Brain Awareness Week Launched at Museum of Health and Medicine
By John Ohab
Special to American Forces Press Service
WASHINGTON, March 20, 2009 Hundreds of middle school students have passed through the halls of the National Museum of Health and Medicine here this week to learn about brain anatomy and pathology, as well as military medical history, as part of National Brain Awareness Week.
The students got to hold a human brain, view the bullet that killed President Abraham Lincoln, and learn about the role the museum has had in military and civilian medicine since its Civil War beginnings, Tim Clarke Jr., the museum’s director of communications, said during a March 18 “Armed with Science: Research and Applications for the Modern Military” audio Webcast on Pentagon Web Radio. The museum is an element of the Armed Forces Institute of Pathology and is located on the campus at Walter Reed Army Medical Center here.
“The idea is … to have young people really inspired about neuroscience and to understand a little more about the brain in a context that they might not be able to get in the classroom today,” Clarke said.
Established in 1996 by the Dana Alliance for Brain Initiatives, a private philanthropic foundation, Brain Awareness Week connects government agencies, universities, scientific societies and other partners to bring neuroscience-based education to young audiences. This year’s Brain Awareness Week is March 16 to 22.
Since 1999, the Dana Alliance has worked with the museum and other partners including the National Institutes of Health, George Washington University, Howard University, the Society for Neuroscience, the Tug McGraw Foundation, the Defense and Veterans Brain Injury Center, and the Army Audiology and Speech Center at Walter Reed Army Medical Center.
“We want to find a way through Brain Awareness Week to connect many of the various disciplines that are involved in neurosciences,” Clarke said. “And work with those groups to put together very compelling, persuasive, hands-on demonstrations for young people.”
The museum maintains the world’s largest and most comprehensive neuroanatomical collection, which offers Brain Awareness Week participants a unique, first-hand opportunity to learn about brain anatomy and pathology. Students, chaperones and parents all have a chance to handle actual human brains.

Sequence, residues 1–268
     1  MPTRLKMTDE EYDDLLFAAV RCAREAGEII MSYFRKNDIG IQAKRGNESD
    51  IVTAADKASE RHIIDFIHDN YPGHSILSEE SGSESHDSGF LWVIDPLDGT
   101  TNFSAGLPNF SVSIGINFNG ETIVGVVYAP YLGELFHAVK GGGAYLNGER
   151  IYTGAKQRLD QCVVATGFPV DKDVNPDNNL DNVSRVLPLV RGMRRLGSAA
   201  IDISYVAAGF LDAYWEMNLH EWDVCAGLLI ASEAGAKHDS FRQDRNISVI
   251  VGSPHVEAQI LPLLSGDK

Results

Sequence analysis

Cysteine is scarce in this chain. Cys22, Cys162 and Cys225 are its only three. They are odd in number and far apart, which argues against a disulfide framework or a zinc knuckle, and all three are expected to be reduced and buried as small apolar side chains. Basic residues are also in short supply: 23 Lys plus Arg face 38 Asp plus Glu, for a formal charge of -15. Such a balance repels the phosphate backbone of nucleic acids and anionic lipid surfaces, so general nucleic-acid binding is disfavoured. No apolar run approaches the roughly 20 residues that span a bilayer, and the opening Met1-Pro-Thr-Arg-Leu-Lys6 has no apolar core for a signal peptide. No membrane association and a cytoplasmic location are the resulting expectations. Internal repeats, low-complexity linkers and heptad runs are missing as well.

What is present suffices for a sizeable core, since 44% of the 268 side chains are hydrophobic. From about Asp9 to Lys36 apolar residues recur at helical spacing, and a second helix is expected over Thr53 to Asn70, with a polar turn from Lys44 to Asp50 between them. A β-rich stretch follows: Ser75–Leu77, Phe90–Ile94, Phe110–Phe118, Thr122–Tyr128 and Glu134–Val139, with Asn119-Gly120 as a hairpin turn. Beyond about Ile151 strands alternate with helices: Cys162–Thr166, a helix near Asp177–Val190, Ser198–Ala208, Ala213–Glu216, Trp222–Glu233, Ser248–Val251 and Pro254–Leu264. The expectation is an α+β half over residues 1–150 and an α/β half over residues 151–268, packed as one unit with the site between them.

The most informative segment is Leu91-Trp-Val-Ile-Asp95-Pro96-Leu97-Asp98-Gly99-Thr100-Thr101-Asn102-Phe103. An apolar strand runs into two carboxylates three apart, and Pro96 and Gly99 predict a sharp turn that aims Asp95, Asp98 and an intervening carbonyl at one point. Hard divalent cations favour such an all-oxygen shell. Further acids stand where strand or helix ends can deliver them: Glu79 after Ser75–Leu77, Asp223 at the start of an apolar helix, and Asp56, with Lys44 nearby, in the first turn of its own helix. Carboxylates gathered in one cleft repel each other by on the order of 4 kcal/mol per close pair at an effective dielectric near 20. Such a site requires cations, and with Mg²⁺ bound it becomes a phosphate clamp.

“The look of awe and wonder on a young person’s face when they are holding an actual human brain is something you really have to see to believe,” Clarke said. “Nothing they had ever done compares to being able to hold a brain with the spinal cord still attached.”
This year’s Brain Awareness Week includes a new partnership with The Tug McGraw Foundation, which was created by professional baseball player Tug McGraw in 2003 to facilitate research that will improve the lives of those suffering from brain tumors. The foundation taught kids how to start their mornings with brain exercises designed to increase blood flow.
Clarke noted that Brain Awareness Week also highlights the variety of federal agencies conducting important basic and clinical neuroscience research. The National Institute on Alcohol Abuse and Alcoholism stages an obstacle course that students traverse while wearing “fatal vision goggles,” which distort eye-muscle coordination and simulate the loss of balance induced by alcohol intoxication. In addition, the Army Audiology and Speech Center at Walter Reed Army Medical Center informs students about how the center works with soldiers, veterans and their families to treat communication disorders.
“We try to find ways to engage the students on their level,” Clarke said. “They are starting and ending the day with a lot of very interesting and compelling scientific information.”
Students who participated in Brain Awareness Week also had the opportunity to view the museum’s newest exhibition, “Abraham Lincoln: The Final Casualty of War,” which features several of its most popular artifacts. The exhibit honors the nation’s 16th president with various items associated with his last hours and the Army doctors who cared for him. On display is the actual bullet that took Lincoln’s life and fragments of hair and skull that were gathered during his autopsy in the White House.
“We are able to tell a really interesting story that people know about, but we tell a different side of the story than you might get in the history textbooks,” Clarke said.
The museum was founded in 1862 during the Civil War to collect anatomical specimens that could be used to develop new treatments for injuries sustained during battle. The museum, once led by Walter Reed, also played a role in shaping modern germ theory and an understanding of infections, as well as helping to found the Army Medical School and various clinical libraries focused on treating soldiers.
“It was Army Medical Museum staff, curators and scientists over the latter half of the 19th century that worked with partners all over the world to indoctrinate those types of practices into Army medicine,” Clarke said.
(John Ohab holds a doctorate in neuroscience and works for the Defense Media Activity’s New Media directorate.)